Resource Allocation and Returns. In addition to management issues, the parties must address resource allocation issues. What are the parties expected to contribute to the effort? And, when are they expected to contribute it? How often will they be called upon to contribute?

Contributions to a collaborative effort can take a variety of forms:

  • money
  • technology, know-how, etc.
  • other assets

When and how much of a return, if any, can the parties expect to get from the effort?

Will the collaborative effort be a net consumer or net producer of resources?

Most collaborations produce intellectual property. Who has rights to it and what are those rights? Will the parties receive the benefit of any of the intellectual property that is developed by the collaborative effort? If so, on what terms?

Other Questions / Issues. There are a number of issues that the parties should consider:

  • May a party compete with the collaborative effort?
  • May a party sell goods or services to the collaborative effort? If so, on what terms?
  • May a party purchase goods or services from the collaborative effort? On "sweetheart" terms?
  • Can a party get out of the collaborative effort? If so, how and on what terms?

Who's Your Collaboration Partner? In the three forms of collaboration involving an equity interest (i.e., minority investments, joint ventures, and acquisitions), the parties should decide under what conditions a party may sell or assign its interest to a third party. The parties will probably want to restrict that ability, because they intended to collaborate with a particular party. Even with an M&A transaction, an acquired party had certain expectations about who would own it.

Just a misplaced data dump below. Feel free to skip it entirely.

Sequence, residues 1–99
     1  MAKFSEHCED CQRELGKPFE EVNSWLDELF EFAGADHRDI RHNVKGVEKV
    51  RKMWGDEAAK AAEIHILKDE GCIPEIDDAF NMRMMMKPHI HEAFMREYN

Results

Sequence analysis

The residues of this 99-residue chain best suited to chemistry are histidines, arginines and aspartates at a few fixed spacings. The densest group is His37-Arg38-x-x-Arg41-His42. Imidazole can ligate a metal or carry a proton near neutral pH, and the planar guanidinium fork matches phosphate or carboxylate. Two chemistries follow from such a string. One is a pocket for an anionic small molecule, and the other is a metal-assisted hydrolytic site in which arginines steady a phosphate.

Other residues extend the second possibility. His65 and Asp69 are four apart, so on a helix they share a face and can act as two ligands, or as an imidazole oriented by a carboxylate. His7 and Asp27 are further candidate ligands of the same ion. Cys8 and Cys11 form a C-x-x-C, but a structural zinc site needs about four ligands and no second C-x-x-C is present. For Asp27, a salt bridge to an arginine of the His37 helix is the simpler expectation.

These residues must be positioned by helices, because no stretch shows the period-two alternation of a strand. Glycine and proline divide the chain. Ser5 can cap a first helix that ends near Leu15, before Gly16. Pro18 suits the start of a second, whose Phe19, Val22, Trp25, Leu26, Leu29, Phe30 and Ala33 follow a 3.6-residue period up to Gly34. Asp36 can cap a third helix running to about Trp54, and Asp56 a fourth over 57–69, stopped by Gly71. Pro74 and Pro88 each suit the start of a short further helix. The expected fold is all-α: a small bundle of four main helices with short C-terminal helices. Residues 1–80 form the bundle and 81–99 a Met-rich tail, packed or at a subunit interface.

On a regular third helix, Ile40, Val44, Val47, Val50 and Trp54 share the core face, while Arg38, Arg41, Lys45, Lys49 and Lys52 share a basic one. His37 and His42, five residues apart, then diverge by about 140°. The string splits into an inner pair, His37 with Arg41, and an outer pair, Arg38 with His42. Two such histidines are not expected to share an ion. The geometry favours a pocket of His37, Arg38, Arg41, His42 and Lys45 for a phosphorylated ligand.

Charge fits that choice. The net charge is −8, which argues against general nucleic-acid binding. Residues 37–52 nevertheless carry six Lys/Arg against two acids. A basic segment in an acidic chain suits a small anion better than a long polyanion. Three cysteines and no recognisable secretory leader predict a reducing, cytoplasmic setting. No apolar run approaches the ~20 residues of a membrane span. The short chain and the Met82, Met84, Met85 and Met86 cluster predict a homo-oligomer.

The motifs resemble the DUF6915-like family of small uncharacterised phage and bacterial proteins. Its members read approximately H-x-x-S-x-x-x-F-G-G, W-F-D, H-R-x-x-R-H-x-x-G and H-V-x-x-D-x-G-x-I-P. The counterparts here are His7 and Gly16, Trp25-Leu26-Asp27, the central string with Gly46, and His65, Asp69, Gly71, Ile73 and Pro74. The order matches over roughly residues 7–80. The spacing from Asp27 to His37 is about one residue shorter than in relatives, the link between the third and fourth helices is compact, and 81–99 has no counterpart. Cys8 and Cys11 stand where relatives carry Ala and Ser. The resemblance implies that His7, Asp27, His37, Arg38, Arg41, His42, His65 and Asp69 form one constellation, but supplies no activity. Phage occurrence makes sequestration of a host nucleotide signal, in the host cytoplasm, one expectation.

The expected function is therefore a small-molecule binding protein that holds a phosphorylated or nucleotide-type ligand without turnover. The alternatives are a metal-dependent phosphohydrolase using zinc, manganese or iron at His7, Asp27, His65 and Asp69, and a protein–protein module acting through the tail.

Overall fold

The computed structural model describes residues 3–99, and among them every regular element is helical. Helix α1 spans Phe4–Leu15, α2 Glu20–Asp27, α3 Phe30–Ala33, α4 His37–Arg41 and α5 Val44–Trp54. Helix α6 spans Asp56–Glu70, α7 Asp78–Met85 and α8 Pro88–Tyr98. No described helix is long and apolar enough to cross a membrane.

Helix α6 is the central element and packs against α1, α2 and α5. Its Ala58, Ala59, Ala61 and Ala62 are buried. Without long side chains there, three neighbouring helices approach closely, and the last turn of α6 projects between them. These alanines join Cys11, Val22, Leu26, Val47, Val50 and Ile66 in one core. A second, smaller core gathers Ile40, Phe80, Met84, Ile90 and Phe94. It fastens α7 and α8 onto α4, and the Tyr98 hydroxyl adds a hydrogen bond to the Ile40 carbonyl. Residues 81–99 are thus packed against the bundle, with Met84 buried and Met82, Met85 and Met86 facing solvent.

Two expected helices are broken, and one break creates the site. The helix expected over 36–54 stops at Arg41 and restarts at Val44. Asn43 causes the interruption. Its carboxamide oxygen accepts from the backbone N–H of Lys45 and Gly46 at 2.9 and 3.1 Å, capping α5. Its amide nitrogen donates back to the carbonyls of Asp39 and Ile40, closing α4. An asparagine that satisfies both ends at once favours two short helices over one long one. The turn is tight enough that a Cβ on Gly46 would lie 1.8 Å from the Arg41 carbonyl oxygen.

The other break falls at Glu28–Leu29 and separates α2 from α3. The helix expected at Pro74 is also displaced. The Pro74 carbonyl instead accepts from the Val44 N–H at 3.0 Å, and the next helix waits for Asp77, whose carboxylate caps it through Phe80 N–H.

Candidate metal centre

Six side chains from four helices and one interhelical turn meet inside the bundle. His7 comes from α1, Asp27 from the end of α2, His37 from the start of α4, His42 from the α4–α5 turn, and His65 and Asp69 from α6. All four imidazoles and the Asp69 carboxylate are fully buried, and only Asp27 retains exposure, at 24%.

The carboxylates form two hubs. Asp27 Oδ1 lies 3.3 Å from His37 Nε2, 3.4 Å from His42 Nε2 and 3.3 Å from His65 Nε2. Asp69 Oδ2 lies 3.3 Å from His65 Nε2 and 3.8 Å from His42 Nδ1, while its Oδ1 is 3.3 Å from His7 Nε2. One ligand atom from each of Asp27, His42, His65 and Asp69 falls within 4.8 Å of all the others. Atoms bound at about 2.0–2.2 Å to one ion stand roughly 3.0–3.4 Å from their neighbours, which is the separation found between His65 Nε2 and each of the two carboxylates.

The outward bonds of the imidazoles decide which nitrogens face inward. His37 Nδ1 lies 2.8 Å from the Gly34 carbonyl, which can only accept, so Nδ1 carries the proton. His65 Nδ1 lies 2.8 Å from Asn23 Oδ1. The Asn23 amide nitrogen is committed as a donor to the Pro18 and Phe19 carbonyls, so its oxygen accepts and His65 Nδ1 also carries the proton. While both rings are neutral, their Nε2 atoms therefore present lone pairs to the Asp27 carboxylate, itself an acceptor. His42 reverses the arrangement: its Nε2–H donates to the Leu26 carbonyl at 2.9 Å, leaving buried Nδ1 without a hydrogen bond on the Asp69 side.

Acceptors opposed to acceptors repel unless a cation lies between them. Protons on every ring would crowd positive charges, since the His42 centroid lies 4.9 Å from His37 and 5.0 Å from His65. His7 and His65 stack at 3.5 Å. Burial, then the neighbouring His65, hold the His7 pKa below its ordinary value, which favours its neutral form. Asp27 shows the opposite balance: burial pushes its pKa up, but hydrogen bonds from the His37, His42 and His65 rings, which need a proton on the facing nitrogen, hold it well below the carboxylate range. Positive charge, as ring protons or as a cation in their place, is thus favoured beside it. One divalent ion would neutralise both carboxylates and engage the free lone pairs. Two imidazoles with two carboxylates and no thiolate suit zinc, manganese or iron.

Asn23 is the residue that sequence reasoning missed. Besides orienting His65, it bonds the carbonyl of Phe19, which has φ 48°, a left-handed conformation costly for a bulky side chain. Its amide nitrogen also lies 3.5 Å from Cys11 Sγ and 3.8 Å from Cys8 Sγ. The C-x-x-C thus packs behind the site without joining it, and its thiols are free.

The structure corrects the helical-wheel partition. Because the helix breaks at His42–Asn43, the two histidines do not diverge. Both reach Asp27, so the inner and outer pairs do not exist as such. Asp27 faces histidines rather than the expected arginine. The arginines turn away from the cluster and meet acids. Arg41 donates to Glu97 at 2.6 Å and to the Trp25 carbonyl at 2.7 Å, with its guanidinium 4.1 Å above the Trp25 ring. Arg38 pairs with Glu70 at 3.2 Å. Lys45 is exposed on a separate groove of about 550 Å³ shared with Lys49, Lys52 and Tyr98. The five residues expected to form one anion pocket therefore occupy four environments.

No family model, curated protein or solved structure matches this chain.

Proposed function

In the forms of collaboration that do not involve an equity interest, the parties should also be concerned about transfers. Most collaboration agreements include an anti-assignment provision that requires the other party to consent to any assignment of the agreement. But, what about a change-of-control provision? Although a change of control of an entity changes the identity of the party with whom they were collaborating, most parties are reluctant to agree to such restrictions if they are bilateral for fear they could interfere with a strategic transaction of their own, such as a sale of the company.

There are many other issues to address, such as dispute resolution, that are beyond the scope of this article. The discussion above makes it clear, however, that collaboration, though valuable as a means to bridge gaps, has its own set of issues that must be addressed in order to make it an effective tool for businesses